You Beauty are playing a gig at Black Gold Studios in Thirroul on Sunday, 2 August, before they head up to Brisbane for another show at the Milk Factory on Saturday the 8th.
Bahasa Malay is the solo project of Bulgarian born, Perth based artist Nora Karailieva.
Karailieva moved from Bulgaria to Montreal in her early teens, and began making music under the guise of Nora Zion. She released two EPs with ALAIZ – a collective of producers located around Laval and the South Shore area of Montreal.
Karailieva’s work has diversified each time she’s made a new home. Since 2013, she’s been based in Perth playing shows with the likes of Mei Saraswati, and pairing up with local musicians – her collaborative record with Leon Osborn via Die High Records one to bookmark.
While her repose as Nora Zion lent more to experimental R&B stylings, her output as Bahasa Malay explores a much more earthy expanse of sound.
The video for ‘Kasseta’ was filmed and directed by Karailieva. The video, much like the track is comforting and almost unsettling at once – almost like tuning into a lullaby from the bottom of a metal well. Clinkers and guttural samples tide in time with visuals of powerlines, cathedrals and muted bells. At first listen, it seems like Karailieva’s vocals are at constant discord with the instrumentals but this almost makes it bear the weight of spoken word.
‘Kasseta’ features on Bahasa Malay’s debut album, Balkans. The album was previously released digitally, but will be re-issued as a limited cassette run by the good folk at Pouring Dream.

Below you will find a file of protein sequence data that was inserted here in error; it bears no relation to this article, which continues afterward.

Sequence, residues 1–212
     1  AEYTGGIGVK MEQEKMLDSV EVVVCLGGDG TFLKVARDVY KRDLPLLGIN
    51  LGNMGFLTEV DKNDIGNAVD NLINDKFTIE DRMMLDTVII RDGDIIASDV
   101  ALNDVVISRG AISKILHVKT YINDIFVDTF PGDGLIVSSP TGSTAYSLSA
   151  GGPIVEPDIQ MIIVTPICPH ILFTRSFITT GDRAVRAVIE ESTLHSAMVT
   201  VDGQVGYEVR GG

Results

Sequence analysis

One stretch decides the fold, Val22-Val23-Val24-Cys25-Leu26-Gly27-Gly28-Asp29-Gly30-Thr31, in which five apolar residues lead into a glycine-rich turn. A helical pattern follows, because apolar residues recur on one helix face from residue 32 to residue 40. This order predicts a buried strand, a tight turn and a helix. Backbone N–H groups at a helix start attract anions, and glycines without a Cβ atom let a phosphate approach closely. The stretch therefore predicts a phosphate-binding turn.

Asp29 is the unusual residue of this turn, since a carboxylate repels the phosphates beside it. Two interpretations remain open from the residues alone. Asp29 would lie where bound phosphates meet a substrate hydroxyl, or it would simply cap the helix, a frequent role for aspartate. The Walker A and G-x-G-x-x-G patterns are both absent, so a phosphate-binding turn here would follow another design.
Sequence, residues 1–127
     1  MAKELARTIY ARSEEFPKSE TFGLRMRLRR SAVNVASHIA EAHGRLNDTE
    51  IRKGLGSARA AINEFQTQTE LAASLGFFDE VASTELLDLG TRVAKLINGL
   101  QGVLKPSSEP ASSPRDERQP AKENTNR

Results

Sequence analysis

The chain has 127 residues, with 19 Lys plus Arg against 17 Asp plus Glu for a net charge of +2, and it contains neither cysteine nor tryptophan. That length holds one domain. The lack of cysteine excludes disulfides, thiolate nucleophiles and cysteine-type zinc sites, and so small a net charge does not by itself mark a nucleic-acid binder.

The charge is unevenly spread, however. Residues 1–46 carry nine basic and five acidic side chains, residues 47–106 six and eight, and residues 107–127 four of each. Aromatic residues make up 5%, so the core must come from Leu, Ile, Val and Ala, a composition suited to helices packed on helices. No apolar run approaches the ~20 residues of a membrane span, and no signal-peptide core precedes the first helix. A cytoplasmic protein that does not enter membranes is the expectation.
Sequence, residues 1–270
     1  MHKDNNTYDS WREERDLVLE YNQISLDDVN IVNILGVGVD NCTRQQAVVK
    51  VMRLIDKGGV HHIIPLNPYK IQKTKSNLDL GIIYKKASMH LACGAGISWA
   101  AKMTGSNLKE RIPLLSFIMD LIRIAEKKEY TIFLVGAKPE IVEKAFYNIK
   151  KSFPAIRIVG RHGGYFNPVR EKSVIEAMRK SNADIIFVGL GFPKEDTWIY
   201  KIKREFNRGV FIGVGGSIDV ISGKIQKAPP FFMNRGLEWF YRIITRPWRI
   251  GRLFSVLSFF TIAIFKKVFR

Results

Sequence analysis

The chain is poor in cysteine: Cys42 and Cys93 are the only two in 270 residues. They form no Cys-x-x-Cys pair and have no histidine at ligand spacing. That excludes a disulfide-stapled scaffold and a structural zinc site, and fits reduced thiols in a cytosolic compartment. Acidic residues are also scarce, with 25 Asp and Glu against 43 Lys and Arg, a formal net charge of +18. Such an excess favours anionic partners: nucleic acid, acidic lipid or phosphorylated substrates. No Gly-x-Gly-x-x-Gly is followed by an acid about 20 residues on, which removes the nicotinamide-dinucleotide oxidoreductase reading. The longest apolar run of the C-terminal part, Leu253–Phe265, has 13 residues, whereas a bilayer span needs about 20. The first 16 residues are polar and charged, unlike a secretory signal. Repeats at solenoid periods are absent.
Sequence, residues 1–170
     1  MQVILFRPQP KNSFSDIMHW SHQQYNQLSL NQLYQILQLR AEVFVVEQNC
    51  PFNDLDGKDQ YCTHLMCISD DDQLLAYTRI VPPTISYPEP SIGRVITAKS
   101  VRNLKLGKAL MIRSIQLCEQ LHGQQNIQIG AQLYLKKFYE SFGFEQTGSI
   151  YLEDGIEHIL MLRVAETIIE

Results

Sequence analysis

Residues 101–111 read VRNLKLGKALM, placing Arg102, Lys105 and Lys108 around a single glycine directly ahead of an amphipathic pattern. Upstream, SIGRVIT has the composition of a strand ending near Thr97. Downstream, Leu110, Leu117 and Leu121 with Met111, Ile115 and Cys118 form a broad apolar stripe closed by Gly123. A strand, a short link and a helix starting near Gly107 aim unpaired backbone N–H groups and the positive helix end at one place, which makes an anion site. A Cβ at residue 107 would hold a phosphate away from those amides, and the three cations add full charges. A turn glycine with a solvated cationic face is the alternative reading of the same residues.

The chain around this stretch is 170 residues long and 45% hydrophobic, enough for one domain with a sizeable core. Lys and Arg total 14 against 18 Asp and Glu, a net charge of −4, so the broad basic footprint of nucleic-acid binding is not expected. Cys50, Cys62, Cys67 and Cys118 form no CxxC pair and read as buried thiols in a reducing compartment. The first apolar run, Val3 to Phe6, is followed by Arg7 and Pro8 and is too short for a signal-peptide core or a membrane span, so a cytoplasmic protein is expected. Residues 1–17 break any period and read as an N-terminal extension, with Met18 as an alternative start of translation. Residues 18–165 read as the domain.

The track is available as a free download from Pouring Dream’s Bandcamp, right here.
Melbourne electro-pop duo Leisure Suite have dropped ‘Sweet Gin’, an extremely smooth, R’n’B-influenced glimpse into their sophomore EP, which is slated for release later this year. It’s the pair’s first completely self-produced track, and they’ve stripped back the instrumentation – which is to say that where there once was the odd guitar lick here and there on their debut EP, now there are none. Instead, downtempo beats steer Leisure Suite down the yellow brick road of spaced out hip-hop production.
Even the builds feel light, with Bridgette Le’s vocals allowed to do all of the leg work – and boy am I ok with that. She doesn’t need to explore much of her range because every note that leaves her mouth is disarmingly lush. ‘Sweet Gin’ has clocked over 6000 listens since its release four days ago. Either people were desperate for more Leisure Suite or you just can’t listen to Le’s voice less than about 100 times. Either way, it’s a pretty irresistible morsel of warm electro-pop.
They’ll be launching the single in their hometown at Hugs & Kisses on the 25th of July.